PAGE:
Writers have been friends with each other throughout history, corresponding, supporting, admiring, encouraging. They’ve enjoyed one another’s company at parties and have exchanged their manuscripts for critiques. Isn’t it fascinating to think of how great writers, like Louisa May Alcott, Ralph Waldo Emerson, and Henry David Thoreau, and Charlotte Bronte and Elizabeth Gaskell, moved in the same circles and talked about literature and other stimulating subjects?
Friendships like that inspired me to start a writers’ club several years ago. I’d decided to seriously pursue writing for publication, and a necessary stepping stone is to cast the net wider for opinions other than your family members’. I wasn’t involved much online then, so I invited friends who were also interested in writing to my house once every two weeks (on a Wednesday). We’ve been meeting regularly for three or four years—they have been different friends, but the meetings are always structured the same, and we haven’t tired of them. (How can you get tired of reading new installments of exciting stories?)
We use our meetings as a time to read our works-in-progress, thus offering 1) accountability and commitment, 2) instant feedback, 3) an opportunity to hear your writing read aloud (which is excellent for editing), 4) inspiration, 5) community, 6) an antidote against discouragement, and 7) a fun time with like minds! Something about tangibly scheduling writing and writing-related activities into your days makes your goals all the more real and attainable. And let’s face it … writers are known for easily succumbing to discouragement, distraction, and procrastination (or is it just me?).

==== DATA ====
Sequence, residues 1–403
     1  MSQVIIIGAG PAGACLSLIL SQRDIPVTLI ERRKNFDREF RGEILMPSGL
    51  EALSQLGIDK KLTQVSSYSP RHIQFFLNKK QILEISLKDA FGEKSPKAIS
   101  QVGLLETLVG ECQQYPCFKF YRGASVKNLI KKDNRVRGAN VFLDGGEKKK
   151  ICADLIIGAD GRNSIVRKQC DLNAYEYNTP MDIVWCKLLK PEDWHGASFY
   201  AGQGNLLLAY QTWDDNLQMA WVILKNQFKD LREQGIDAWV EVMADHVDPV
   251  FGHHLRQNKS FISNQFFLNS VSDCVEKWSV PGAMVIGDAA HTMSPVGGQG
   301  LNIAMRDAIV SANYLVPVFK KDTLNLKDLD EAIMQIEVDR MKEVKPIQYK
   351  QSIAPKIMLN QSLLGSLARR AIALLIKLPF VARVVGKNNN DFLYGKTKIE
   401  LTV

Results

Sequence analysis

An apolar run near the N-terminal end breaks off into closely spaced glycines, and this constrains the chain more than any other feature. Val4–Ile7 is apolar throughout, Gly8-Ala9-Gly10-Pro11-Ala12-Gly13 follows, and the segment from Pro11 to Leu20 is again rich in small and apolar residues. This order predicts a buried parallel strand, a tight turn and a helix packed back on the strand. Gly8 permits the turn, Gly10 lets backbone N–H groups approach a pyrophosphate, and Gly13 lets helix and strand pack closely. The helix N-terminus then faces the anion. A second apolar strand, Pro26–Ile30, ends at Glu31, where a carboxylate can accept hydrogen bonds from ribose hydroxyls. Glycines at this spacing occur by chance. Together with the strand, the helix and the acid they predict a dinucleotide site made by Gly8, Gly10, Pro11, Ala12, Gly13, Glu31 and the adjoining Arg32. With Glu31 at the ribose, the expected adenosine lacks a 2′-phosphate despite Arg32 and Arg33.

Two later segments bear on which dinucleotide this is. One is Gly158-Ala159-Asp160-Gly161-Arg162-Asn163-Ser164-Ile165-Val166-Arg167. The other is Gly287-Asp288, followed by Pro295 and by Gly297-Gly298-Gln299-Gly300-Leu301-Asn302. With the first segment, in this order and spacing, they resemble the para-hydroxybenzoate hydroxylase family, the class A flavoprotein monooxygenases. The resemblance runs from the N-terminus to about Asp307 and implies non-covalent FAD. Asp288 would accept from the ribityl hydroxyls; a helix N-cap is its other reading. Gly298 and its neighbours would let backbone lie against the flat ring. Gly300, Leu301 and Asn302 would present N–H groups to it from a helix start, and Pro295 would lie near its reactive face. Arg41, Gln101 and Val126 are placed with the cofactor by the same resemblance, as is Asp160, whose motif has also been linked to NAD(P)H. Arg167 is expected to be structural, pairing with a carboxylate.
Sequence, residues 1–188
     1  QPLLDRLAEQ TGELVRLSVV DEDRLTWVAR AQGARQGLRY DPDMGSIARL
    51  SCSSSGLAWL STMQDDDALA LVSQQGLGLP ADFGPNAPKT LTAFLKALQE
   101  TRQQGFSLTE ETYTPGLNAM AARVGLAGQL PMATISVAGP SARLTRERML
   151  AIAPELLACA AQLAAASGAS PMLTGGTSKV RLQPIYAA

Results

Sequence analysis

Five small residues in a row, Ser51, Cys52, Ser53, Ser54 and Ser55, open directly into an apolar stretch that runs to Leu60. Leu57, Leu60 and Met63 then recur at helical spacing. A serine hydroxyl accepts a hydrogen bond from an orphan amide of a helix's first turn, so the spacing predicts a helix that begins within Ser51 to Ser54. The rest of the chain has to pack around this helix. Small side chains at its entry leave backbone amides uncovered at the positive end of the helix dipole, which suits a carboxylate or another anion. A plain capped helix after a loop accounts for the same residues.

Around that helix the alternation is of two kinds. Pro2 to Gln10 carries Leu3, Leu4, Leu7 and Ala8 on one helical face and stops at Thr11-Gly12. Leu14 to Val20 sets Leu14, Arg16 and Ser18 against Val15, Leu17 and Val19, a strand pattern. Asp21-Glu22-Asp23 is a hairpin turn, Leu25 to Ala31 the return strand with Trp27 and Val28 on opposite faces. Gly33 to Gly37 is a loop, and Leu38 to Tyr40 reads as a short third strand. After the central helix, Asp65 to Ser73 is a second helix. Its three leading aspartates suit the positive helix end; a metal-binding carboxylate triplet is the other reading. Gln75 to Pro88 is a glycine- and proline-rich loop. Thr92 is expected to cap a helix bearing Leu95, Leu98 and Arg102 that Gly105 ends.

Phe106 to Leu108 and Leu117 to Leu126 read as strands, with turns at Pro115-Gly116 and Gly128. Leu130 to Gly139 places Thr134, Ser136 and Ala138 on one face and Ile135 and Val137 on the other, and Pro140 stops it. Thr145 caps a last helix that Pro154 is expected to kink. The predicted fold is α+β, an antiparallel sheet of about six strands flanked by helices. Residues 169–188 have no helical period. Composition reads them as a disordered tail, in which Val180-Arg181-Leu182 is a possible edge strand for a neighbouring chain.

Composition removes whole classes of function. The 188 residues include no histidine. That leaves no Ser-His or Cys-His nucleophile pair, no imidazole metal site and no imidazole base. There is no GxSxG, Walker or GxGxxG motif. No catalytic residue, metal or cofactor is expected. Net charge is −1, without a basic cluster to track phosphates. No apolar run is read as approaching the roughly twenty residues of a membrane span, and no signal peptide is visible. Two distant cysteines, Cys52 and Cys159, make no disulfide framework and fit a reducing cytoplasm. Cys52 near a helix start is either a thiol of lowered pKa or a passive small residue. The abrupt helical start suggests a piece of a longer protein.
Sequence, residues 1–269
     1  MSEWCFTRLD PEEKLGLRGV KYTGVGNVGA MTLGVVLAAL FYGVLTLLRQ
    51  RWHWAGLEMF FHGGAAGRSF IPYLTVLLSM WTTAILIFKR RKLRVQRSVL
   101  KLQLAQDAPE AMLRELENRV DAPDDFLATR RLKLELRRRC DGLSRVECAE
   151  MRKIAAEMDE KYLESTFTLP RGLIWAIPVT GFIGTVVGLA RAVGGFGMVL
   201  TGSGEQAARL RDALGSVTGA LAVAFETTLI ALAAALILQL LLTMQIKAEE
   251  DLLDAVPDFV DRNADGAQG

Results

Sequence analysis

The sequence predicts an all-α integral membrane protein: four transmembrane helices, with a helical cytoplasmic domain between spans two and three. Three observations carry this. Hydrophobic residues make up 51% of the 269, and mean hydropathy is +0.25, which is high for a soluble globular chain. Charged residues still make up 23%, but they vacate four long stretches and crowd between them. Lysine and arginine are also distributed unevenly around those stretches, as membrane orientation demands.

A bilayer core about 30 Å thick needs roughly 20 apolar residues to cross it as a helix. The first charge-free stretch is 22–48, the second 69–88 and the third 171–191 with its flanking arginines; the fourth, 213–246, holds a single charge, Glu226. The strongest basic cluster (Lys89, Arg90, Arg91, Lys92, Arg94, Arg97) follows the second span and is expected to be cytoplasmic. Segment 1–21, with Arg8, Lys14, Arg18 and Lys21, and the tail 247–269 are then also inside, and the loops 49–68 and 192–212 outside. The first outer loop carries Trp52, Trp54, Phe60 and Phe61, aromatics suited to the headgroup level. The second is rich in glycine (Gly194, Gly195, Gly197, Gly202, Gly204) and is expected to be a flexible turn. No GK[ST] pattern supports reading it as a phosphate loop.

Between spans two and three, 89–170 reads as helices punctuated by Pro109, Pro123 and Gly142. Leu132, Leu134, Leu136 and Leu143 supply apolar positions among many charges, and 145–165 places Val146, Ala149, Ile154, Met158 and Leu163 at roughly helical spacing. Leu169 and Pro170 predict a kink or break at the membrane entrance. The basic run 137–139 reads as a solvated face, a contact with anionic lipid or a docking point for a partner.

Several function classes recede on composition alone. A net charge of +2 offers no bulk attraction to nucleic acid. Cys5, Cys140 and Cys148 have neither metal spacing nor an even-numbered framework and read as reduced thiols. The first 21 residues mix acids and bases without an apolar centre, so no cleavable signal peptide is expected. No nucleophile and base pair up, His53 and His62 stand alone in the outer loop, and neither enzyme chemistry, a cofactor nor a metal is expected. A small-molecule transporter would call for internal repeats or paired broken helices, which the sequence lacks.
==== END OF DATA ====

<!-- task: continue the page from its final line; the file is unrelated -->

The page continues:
You may not live near other writers where a writers’ club is feasible, but if you do, I really encourage you to think about forming one! You can have one friend or five (be careful about getting too big, because then not everyone gets a chance to share their writing). The agenda can be anything you like, so long as reading your scribblings are the focus. Refreshments are fun if you like doing that (not me!); you could open in prayer, or play a little game. You could meet in a living room, a library, or a garden. For me, I need the meetings to be as simple as possible if they’re going to fit into my life, so all we do is read in my living room, but for you, the sky’s the limit! Schedule a special outing or bring in a published author as a guest every so often to keep monotony at bay. Just don’t forget that reading or discussing your stories are top priority.
As I’m sure most of you know, online is the place for writers to congregate. So if online is the only writing community you have, don’t be afraid to make friends! You can ask if anyone is up for starting a writers’ group. You can find beta-readers. If you’re a serious writer, community can definitely help you with your weak spots. For example, I’m a consistent, careful writer and would write even if I couldn’t publish, but marketing and promotion is hard for me. If it weren’t for the writing community I know online, my marketing would be nil because I wouldn’t be motivated to even learn how to do it. But seeing others do it is a vital hand-up.
Writing is solitary, but that doesn’t mean you can’t talk about it with other writers, take their advice, and use it to connect with others and expand your life. God made us to help and live in fellowship with each other, and writing is no exception!
Are you part of a writers’ club, or have someone you can talk about writing with? What is your idea of a good writers' meeting?
Kelsey Bryant is an author, blogger, and copy editor who loves the Lord. She revels in many things: the beauty of God's Word, the music of English, the wonder of nature, the joy of creativity, the freedom of motion, the richness of literature, the intrigue of history ... and much more. To learn more about her, visit her website or blog.